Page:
EDITED: Fradera and Schmidt-Nowara on Slavery in Spain’s Atlantic Empire

Josep Maria Fradera and Christopher Schmidt-Nowara, eds. Slavery and Antislavery in Spain’s Atlantic Empire. New York: Berghahn Books, 2013.

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Weekend Reading: The Public Archive on “Radical Black Cities”

This week, The Public Archive published its fourth installment on Radical Black Reading.  The subject was race, urbanity, black geographies, and sense of place:

In this, The Public Archive’s fourth installment of Radical Black Reading,* we hope to contribute to an informal conversation about the history, plight, and future of Black cities – and towards the imagination of a radical Black city. It is a conversation taking place (if only in disparate, scattered form) across the African diaspora. The question of Black urban space, of Black geographies, and of the possibility of a radical Black city adds an urgent element to discussions of the nature of the urban, while the very survival of the Black city becomes a radical act of hope and resistance.

Several books of relevance were listed including Alejandro de la Fuente’s Havana and the Atlantic in the Sixteenth Century (2011), Leslie Harris’s African or American? Black Identity and Political Activism in New York City, 1784-1861 (2010), and Carla Peterson’s Black Gotham: A Family History of African Americans in Nineteenth-Century New York City.  De la Fuente, Harris and Peterson are also featured here, here and here at #ADPhD.

Browse the full list here or view installments here, here, and here.

 Image: David Osagie, Occupy Nigeria (2011) via The Public Archive

Queloides/Keloids: Race and Racism in Cuban Contemporary Art

"When I Am Not Here, Estoy Alla" by Maria Magdalena Campos pons

Curated by Alejandro de la Fuente and Elio Rodríguez Valdés Queloides/Keloids “is an art exhibit that seeks to contribute to current debates about the persistence of racism in contemporary Cuba and elsewhere in the world.”  Twelve artists are participating as the project moves from Havana, Cuba to Pittsburgh over the course of 2010-2011 including Pedro Alvarez, Maria Magdalena Campos Pons and Rene Peña.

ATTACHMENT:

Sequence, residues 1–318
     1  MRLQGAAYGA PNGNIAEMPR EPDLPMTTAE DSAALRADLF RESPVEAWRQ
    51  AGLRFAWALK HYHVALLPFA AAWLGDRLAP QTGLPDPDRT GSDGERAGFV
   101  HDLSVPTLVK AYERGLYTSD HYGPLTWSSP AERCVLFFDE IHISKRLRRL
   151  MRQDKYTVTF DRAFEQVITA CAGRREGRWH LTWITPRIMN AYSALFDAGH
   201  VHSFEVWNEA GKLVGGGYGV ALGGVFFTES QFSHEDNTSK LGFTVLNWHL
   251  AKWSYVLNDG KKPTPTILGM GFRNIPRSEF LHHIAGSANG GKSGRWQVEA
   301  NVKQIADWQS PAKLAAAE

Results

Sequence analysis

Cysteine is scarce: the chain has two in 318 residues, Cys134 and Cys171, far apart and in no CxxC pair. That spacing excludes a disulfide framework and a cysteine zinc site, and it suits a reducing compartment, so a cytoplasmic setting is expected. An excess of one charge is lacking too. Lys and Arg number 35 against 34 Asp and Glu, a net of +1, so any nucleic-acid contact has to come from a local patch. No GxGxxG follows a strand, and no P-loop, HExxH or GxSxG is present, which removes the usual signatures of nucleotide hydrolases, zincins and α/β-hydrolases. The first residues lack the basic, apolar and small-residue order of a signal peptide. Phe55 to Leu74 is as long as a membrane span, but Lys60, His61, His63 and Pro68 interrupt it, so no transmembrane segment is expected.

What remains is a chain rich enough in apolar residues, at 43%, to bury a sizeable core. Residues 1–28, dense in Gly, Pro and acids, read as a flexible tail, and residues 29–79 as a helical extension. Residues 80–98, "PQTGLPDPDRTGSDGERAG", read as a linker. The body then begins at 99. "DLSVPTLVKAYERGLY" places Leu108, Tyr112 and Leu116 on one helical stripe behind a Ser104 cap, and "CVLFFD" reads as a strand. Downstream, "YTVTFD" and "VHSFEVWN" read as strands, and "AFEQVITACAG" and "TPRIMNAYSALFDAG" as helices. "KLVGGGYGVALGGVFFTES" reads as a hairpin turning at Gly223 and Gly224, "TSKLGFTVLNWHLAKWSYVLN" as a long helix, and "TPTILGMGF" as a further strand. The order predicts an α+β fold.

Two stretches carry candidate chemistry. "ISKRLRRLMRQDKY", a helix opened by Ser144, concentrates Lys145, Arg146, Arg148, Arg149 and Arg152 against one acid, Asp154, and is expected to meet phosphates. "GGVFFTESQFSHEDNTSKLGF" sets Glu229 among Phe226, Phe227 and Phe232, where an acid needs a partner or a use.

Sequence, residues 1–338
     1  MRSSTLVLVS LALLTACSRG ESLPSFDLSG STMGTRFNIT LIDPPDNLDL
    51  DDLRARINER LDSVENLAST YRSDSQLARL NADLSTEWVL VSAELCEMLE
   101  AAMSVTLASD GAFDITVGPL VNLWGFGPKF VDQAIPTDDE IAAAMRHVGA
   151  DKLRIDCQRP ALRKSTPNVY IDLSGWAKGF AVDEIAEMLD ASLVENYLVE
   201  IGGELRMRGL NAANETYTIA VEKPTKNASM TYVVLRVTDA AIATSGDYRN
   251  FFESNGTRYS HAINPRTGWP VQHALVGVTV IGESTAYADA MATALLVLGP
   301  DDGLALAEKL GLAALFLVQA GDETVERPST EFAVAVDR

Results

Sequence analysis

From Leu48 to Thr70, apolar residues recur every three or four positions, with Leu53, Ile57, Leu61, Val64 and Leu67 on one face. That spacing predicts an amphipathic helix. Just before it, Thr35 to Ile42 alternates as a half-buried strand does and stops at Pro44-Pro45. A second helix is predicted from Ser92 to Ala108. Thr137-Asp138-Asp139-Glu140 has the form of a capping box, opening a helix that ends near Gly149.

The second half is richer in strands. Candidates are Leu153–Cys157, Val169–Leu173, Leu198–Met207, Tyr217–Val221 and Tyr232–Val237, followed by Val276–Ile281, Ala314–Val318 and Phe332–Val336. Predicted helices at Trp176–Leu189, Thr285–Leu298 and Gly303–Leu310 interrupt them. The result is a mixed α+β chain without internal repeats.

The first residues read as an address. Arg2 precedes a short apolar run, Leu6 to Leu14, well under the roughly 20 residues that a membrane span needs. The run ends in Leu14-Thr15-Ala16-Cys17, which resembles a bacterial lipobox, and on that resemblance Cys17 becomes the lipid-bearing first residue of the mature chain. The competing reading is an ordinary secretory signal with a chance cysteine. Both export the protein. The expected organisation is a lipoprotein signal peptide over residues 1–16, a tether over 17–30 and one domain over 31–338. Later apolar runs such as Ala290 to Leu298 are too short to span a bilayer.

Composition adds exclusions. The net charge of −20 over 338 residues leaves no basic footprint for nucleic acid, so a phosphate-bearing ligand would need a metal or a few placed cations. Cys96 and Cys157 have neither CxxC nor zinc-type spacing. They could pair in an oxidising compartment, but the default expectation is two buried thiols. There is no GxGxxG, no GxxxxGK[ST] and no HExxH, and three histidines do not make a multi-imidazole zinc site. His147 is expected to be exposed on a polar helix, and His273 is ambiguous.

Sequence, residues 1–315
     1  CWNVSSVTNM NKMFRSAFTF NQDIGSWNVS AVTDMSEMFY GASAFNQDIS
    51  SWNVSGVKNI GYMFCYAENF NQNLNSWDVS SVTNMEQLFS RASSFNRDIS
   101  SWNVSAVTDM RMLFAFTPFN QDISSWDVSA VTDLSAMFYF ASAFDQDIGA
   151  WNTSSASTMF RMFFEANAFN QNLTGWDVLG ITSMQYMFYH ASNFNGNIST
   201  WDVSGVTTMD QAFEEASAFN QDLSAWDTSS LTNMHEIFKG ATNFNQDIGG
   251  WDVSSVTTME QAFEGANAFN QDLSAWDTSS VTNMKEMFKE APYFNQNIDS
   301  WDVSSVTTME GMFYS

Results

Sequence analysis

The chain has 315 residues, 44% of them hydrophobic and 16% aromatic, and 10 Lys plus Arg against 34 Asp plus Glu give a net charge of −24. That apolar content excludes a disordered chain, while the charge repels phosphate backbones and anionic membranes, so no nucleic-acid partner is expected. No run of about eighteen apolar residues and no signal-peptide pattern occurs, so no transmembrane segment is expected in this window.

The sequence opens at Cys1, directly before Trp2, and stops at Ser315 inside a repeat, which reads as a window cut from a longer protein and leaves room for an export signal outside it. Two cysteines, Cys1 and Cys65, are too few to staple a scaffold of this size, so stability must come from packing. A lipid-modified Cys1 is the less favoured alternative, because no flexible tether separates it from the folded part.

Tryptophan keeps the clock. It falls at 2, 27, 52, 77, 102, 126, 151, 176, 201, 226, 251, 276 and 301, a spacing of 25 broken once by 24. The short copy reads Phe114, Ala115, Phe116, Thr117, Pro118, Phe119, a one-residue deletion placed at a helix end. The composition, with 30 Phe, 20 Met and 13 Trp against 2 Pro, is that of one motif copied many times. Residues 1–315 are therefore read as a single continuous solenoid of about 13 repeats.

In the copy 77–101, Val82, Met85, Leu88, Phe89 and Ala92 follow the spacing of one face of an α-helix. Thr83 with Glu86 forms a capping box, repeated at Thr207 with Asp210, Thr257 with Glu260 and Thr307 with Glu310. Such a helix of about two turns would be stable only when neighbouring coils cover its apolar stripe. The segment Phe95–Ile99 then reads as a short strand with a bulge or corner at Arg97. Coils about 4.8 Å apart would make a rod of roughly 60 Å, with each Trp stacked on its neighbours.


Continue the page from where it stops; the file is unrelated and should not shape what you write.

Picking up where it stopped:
For more information and the official website click here.

Africa, Africans, and Slavery in Latin America

The November 2007 issue of the Hispanic American Historical Review features three articles on Africans, slavery and conceptions of Africa in three Latin American countries: Buenos Aires, Cuba, and Uruguay.
This issue (87:4) was the last issue published while the journal was headquartered at the University of Maryland-College Park, an institution well known for pioneering the study of slavery and emancipation in the United States through the Freedmen and Southern Society Project.
Lyman L. Johnson. “‘A Lack of Legitimate Obedience and Respect’: Slaves and Their Masters in the Courts of Late Colonial Buenos Aires.” pp. 631-657
Alejandro de la Fuente. “Slaves and the Creation of Legal Rights in Cuba: Coartaci’on and Papel.” pp. 659-692
George Reid Andrews. “Remembering Africa, Inventing Uruguay: Sociedades de Negros in the Montevideo Carnival, 1865-1930.” pp. 693-726
Alejandro de la Fuente’s article on how people of color exploit the law to secure manumission and secure certain rights is interesting to consider in cross-diaspora, intra-Atlantic context alongside “The Atlantic World and the Road to Plessy v. Ferguson,” by Rebecca Scott. Published in December 2007 in the Journal of American History (94:3), Scott considers the construction and exercise of “public rights” by free people of color (and their descendants) in nineteenth century Louisiana.
Image and caption from New Orleans Public Library Website (NUTRIAS): Henriette Delille (1813-1862), a daughter of one of the oldest families of free people of color in New Orleans, founded the Sisters of the Holy Family, the second oldest Catholic religious order for women of color. Photo originally published in Robert R. Macdonald, John R. Kemp, and Edward F. Haas, eds. Louisiana’s Black Heritage, pub. 1979
The HAHR and the Journal of American History are available at your local college/university library.